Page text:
I WANTED to go away to college
But rich Aunt Persis wouldn’t help me.
So I made gardens and raked the lawns
And bought John Alden’s books with my earnings
And toiled for the very means of life.
I wanted to marry Delia Prickett,
But how could I do it with what I earned?
And there was Aunt Persis more than seventy
Who sat in a wheel-chair half alive
With her throat so paralyzed, when she swallowed
The soup ran out of her mouth like a duck—
A gourmand yet, investing her income
In mortgages, fretting all the time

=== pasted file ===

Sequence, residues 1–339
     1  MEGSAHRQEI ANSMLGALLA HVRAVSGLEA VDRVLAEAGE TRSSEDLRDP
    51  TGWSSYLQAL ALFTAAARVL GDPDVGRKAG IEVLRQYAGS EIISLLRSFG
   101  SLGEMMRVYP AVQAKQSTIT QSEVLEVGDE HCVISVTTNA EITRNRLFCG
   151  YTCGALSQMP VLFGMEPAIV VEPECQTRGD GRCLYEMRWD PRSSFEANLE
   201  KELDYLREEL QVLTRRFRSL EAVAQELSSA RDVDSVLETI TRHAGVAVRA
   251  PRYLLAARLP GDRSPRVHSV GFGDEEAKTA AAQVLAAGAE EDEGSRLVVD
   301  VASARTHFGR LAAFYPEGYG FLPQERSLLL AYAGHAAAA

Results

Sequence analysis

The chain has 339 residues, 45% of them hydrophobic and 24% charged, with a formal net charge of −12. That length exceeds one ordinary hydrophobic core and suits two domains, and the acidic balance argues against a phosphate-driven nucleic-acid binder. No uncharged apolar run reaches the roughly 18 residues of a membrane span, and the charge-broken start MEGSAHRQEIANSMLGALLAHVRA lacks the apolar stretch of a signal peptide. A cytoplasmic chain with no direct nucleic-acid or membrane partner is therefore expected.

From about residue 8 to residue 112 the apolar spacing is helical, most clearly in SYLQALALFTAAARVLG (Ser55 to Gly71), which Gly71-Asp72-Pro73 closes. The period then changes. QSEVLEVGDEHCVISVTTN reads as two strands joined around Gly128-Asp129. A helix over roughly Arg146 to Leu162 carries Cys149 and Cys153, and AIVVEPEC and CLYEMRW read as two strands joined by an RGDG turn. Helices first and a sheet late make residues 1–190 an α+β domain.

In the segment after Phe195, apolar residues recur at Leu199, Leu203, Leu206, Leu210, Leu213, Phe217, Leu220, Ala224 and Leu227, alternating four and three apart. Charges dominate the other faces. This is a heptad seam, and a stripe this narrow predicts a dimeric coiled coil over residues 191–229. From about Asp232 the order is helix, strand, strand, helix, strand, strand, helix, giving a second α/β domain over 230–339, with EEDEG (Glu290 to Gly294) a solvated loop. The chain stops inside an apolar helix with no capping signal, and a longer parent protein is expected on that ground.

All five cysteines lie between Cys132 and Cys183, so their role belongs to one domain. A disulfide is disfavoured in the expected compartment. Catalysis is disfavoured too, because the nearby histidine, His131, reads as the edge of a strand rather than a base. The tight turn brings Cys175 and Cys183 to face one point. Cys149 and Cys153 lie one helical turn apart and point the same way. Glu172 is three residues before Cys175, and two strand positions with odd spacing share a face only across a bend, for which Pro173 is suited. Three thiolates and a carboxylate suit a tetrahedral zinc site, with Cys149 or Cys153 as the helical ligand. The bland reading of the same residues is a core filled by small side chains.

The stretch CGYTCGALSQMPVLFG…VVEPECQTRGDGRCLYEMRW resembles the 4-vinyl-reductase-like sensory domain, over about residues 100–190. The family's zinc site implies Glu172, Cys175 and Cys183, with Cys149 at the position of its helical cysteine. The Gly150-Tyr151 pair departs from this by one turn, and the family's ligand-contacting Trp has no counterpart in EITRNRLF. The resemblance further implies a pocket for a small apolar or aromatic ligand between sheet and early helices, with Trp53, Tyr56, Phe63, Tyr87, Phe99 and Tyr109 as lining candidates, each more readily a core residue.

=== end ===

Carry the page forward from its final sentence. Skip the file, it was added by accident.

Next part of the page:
About her notes and rents and papers.
That day I was sawing wood for her,
And reading Proudhon in between.
I went in the house for a drink of water,
And there she sat asleep in her chair,
And Proudhon lying on the table,
And a bottle of chloroform on the book,
She used sometimes for an aching tooth!
I poured the chloroform on a handkerchief
And held it to her nose till she died.—
Oh Delia, Delia, you and Proudhon
Steadied my hand, and the coroner
Said she died of heart failure.
I married Delia and got the money—
A joke on you, Spoon River?
NOTE: “Pierre-Joseph Proudhon was a French politician and the founder of mutualist philosophy. He was the first person to declare himself an anarchist using that term and is widely regarded as one of the ideology’s most influential theorists.” — Wikipedia